Men in Coats - Nixon

The contrapuntal lay between melvilles indulp gence

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Unformatted text preview: s it clear as the tale progresses that Delano's "singularlyundistrustful"natureis, like Billy Budd's, markedby a remarkably"ordinary" tendencyto readrhetoricalfigures"singularly"-to read metaphor,duality, innuendo, intrigue, or any other semiotically multivocal linguistic register as if it were straight denotation, as if it were only a cloaking of an unequivocaltruth. The contrapuntal lay between Melville's indulp gence in metaphoricoverkill and his simultaneous l gesture to Delano's interpretative imitations-between the narrative's endencytowardfiguralaccret tion and Delano's propensityto read singularly-is filteredthroughthe very tropethatEmersoninvokes preemptively to stave off objections to Carlyle's prose: language is the dress of thought.For Emerson, that prose, be it "quite superficial"or mere "foreign dress," serves only to cover Carlyle's "wisdom"and "genuine Saxon heart."And while scarcely an advocate of the plain style praised by his Puritanforefathersor the plain-dealerfolksiness popularized by Andrew Jackson and by Cooper's Leatherstocking novels, Emerson anticipates the offense of an audiencethat is predisposedto reject wisdom clothed in a "gay costume"and not deliveredplainly.He insists thatthe rhetorical ress veils d an implicitnakedtruth.His own perambulatory nd a weirdly ornate prose style in his essays notwithstanding, Emerson seems to hark back to an Augustan sensibility that, as Claude Rawson points out, exhibited an "unusually insistent rhetorical w preoccupation ith images of nakednessand dress: naked reason, naked shivering nature, the decent draperyof life, the coat of prejudice,and,of course, the sans-culottes" (154). Emerson takes only the simplestform of a tropethathad undergonedistinct mutations throughout the eighteenth century: by century'send, nakednesscould, for example,represent both truthand barbarity,and dress could represent both dissimulating hypocrisy and decorous civility. Yet he is writing specifically in responseto SartorResartus,which is a critiqueof the Regency o dandy,a figurewho, with the enshrinement f Beau Brummellas the "arbiterelegantiarum"at the turn of the century (Moers 18), helped precipitate the dissolution of such contradictions.Nakedness fell out of the equation altogether, and dress became tropically splinteredalong class lines, functioning 362 ThePoliticsof theDandiacalBodyin Melville's Benito ereno" " C as the patricianbadge of exquisite exclusivity and refinement, the bourgeois insignia of a particular form of sporty manliness, and, still more problematic, the sign, for the dandy's detractors,of a quintessentialaristocratic mptiness. e If, in all the interestof encouragingreadersnot to be put off by Carlyle's "repulsive style," Emerson ends up apologizing a la Alexander Pope for the disadvantageddress of Carlyle's pure thought, he does so by reducingthe historicalcomplexities that SartorResartusenunciates.2 ut as Melville's 1849 B anecdote about McCurdyand Taylor suggests, the donning of a cloak-be it borrowed, feminine, or otherwise-was not necessarily a neutral act socially, nor, as "Benito Cereno" suggests, was it a neutral articulationpolitically or semantically. In his tale Melville altersthe date of eventsin Delano's Narrativefrom 1805 to 1799,therebysituatingthem at a moment when the Augustan connotations of nakednessas plain truth-as a primitive,natural,or impoverished state, as lawlessness, as the revolutionary spirit, or as savagery-were becoming underdetermined,ubmergedby a flood of connotas tive vagaries involving dress alone. In staging the encounterbetween Delano and a dandy,between as singulara readeras Emersoncould have wished for and a figurewho representsa complex nexus of signification,Melville allows himself the marginto accomplish severalthings. He mobilizes the dandyas the vehicle through which to explore the North's venerationof genteel refinementand ongoing consolidation of class distinction, despite its protestations otherwise to a South publicly maligned for preservingsocial inequalities.He engages in a narrative excess of verbal ornament that mirrorsthe dandy's sartorialexcess. And he points to an ideologically chargedocclusion of the body. If, as Foucault contends, the body is "directly involved in a political field"(25), nowhereis thatfield more contentiousthanin an antebellumAmericaon the brink of civil war and when the body in question is poor, naked,andblack. Given Delano's preoccupation ith dress-a prew occupation that Melville yokes with the captain's critical or interpretivelimitation-it is not surprising that Melville has to step in, in the final moments of "Benito Cereno,"to "elucidate"an "item or two" about the slave rebellion aboard the San Dominick.One such item is the eventualfate of the rebel leader Babo, who is summarilytried and decapitated.The other glances back to the beginning of the tale to reappraiseBenito Cereno's clothes: &quo...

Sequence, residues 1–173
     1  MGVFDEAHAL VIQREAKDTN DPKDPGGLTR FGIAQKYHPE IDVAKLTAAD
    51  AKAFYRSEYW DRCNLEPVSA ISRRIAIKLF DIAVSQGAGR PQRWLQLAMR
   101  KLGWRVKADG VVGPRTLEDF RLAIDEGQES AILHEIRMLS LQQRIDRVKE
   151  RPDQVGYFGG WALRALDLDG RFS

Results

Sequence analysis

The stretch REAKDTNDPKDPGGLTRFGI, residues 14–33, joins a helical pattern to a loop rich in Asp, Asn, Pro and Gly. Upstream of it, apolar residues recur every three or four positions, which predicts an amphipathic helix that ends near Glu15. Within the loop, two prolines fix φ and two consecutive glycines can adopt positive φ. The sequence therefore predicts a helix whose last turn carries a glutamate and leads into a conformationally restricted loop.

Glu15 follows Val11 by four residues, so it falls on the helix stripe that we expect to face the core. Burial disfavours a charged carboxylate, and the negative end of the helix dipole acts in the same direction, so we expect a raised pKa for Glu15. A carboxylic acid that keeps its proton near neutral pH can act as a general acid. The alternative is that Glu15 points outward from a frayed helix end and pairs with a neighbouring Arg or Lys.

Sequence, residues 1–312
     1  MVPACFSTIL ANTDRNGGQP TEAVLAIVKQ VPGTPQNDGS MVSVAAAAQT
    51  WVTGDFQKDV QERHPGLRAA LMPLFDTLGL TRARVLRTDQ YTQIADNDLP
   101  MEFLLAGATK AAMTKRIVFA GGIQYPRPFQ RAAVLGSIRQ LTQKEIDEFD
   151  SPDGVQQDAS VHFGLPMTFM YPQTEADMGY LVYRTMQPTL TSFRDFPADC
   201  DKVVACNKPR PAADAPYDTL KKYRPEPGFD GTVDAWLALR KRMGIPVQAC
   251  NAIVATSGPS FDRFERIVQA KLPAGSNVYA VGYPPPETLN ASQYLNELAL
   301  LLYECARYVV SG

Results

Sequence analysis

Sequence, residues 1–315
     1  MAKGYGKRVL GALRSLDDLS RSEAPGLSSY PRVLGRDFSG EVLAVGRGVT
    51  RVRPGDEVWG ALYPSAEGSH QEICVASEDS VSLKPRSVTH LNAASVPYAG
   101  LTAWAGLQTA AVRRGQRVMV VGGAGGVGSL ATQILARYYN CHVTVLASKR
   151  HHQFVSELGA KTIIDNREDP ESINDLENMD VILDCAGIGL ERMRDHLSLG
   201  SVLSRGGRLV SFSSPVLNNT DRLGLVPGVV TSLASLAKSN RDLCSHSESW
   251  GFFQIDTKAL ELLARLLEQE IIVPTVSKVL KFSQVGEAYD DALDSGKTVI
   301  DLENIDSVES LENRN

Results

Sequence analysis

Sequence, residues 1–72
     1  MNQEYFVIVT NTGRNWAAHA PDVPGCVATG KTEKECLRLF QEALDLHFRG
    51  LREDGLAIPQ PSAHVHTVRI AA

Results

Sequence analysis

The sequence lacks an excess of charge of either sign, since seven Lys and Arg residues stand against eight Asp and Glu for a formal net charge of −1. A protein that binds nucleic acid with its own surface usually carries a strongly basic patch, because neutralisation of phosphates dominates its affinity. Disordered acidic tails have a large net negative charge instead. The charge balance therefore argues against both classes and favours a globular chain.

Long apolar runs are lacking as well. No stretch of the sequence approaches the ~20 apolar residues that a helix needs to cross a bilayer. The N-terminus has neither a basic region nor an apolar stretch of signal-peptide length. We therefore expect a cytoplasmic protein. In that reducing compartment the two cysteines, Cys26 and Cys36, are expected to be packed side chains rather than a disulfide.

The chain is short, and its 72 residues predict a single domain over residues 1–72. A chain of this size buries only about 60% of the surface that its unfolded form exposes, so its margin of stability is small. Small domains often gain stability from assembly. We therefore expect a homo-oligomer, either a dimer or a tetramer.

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This essay was uploaded on 03/01/2014 for the course ENGLISH 220 taught by Professor Linda during the Spring '11 term at CUNY Hunter.

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